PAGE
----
Is at the end of this paragraph, from Eric Brynjolfsson and Andrew McAfee (BM), Race Against the Machine:

When SBTC [skill-biased technological change] increases the incomes of high-skill workers and decreases incomes and employment for low-skill workers, the net effect may be a fall in overall demand. High-skill workers, given extra income, may choose to increase their leisure and savings rather than work extra hours. Meanwhile, low-skill workers lose their jobs, go on disability, or otherwise drop out of the labor force. Both groups work less than before, so overall output falls.

The footnote has a link which takes you here.

Further down in this post, I will have more excerpts from their new e-book. First, I want to point out that Jess Bailey, Joe Coward, and Matthew Whitaker find that in all ten countries they study that median income has been increasing at a slower rate than output. So it is not just in the United States.BM write,

The root of our problems is not that we’re in a Great Recession, or a Great Stagnation, but rather that we are in the early throes of a Great Restructuring.

Really, there are only minor differences between BM and myself. One difference is that they still think in terms of aggregate demand, while I am trying to avoid that concept when I talk about PSST.

One of the arguments against what I call the Recalculation Story is that employment has fallen in a broad array of industries. BM have a simple explanation for that. The information technology revolution has affected a broad array of industries.

Why is this happening now, seemingly suddenly? BM argue that we have passed the inflection point in a nonlinear process (they talk about being on the second half of the chessboard, for those of you familiar with that metaphor). Think of an S curve, where we have just gotten onto the steep part.

BM would argue that computers have been displacing humans at an accelerating rate for more than a decade, with the housing bubble serving to mask the process.

The book is a bit short on empirical evidence, but there is this:

During the Great Recession, nearly 1 in 12 people working in sales in America lost their job, accelerating a trend that had begun long before. In 1995, for example, 2.08 people were employed in “sales and related” occupations for every $1 million of real GDP generated that year. By 2002…that number had fallen to 1.79, a decline of nearly 14 percent.

Good-bye, sales clerk. Hello, one-click ordering.

BM suggest that the gains from technology may be understated.

free digital goods like Facebook, Wikipedia, and YouTube are essentially invisible to productivity statistics.

BM argue that information technology speeds the innovation process, because changes are embedded in software.

Each time CVS makes an improvement, it is propagated across 4,000 stores nationwide, amplifying its value.

BM point out that corporate profits as a share of GDP are at 50-year highs. This strikes me as remarkable, for two reasons. First, for most of the post-war period, profits were procyclical. You would not expect to see the profit share recover until the economy is much closer to full employment. I would argue that this high profit share is evidence that what is going on is restructuring, rather than a drop in aggregate demand. In a classic demand recession, idle plants reduce firms’ profits, which recover when demand picks up again.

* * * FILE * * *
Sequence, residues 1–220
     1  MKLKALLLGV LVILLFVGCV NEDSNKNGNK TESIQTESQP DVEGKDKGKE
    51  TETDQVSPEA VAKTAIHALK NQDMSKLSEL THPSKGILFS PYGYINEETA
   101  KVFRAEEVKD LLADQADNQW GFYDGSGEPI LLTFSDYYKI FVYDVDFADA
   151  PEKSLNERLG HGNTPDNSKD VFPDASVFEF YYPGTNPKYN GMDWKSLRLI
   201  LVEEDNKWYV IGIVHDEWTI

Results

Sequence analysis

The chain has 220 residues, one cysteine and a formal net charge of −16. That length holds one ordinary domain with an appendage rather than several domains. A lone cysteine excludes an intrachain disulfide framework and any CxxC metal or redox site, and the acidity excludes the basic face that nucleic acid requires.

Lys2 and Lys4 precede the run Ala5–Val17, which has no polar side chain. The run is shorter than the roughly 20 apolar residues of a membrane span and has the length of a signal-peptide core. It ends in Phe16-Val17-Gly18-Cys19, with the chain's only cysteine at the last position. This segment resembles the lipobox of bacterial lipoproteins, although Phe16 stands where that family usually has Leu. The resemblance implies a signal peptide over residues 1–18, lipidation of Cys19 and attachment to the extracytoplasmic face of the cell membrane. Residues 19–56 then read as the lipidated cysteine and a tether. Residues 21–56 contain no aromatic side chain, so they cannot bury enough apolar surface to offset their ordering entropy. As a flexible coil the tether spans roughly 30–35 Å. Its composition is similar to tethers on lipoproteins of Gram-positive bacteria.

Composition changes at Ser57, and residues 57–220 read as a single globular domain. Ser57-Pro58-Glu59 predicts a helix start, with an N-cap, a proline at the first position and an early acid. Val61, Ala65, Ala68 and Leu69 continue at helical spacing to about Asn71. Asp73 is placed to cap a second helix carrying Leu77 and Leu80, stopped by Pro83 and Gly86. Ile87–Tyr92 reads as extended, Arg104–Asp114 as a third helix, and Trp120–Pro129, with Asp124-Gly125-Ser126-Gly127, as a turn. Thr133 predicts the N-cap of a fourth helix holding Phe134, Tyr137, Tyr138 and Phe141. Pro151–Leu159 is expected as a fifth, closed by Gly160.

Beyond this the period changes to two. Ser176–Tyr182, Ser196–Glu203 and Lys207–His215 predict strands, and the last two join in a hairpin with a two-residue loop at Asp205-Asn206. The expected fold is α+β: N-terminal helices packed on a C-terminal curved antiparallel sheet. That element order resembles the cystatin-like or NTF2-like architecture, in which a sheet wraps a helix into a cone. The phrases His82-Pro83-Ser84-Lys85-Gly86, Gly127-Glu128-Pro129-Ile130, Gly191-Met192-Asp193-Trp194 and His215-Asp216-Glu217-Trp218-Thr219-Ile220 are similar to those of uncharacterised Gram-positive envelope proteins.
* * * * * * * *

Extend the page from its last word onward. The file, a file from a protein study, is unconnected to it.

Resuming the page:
The other reason that it is remarkable is that I thought that an improvement in profits would be sufficient to bring about a more rapid recovery. I figured that as firms accrued profits, they would become more willing to hire more Garett Jones workers in order to build organizational capital. The continued reluctance to hire is getting more and more difficult to explain, except along Great Restructuring lines.

BM express surprise that there are not more businesses being started. The availability of “off-the-shelf” infrastructure for constructing web sites, dealing with legal and accounting issues, and so forth, should mean that

there has never been a better time to be a talented entrepreneur.

Unfortunately, I would argue, it turns out that there is the Jaron Lanier problem. It is easy to be an entrepreneur, but that makes entrepreneurship highly competitive. The big benefits of entrepreneurial activity accrue not to the developers of apps and small online stores, but instead go to the platform providers, like Apple, Google, and Amazon.

BM talk about opportunities for improving education, by

unbundling of instruction, evaluation, and certification, which encourages educational systems to be based more on delivering genuine, measurable results and less on simply signaling selection, effort, and prestige.

It sounds like they buy into A Means A.

They have a chapter that offers an obligatory “what can we do” litany, consisting of 19 steps. Most readers of this blog will gag on their suggestions to raise teacher pay and invest more in infrastructure. These same readers will applaud suggestions for reducing barriers to business creation and to decouple health benefits from employment. Another applause-winner is

Reduce the large implicit and explicit subsidies in financial services.

Overall, I would say that there are many more good suggestions than clunkers in their policy chapter.

My standard practice with my Kindle is to download a sample of a book before buying it. Given the price of this one ($3.99) and the quality of the authors, I decided to save the mental transaction costs and simply buy the book without reading a sample first. I was not disappointed.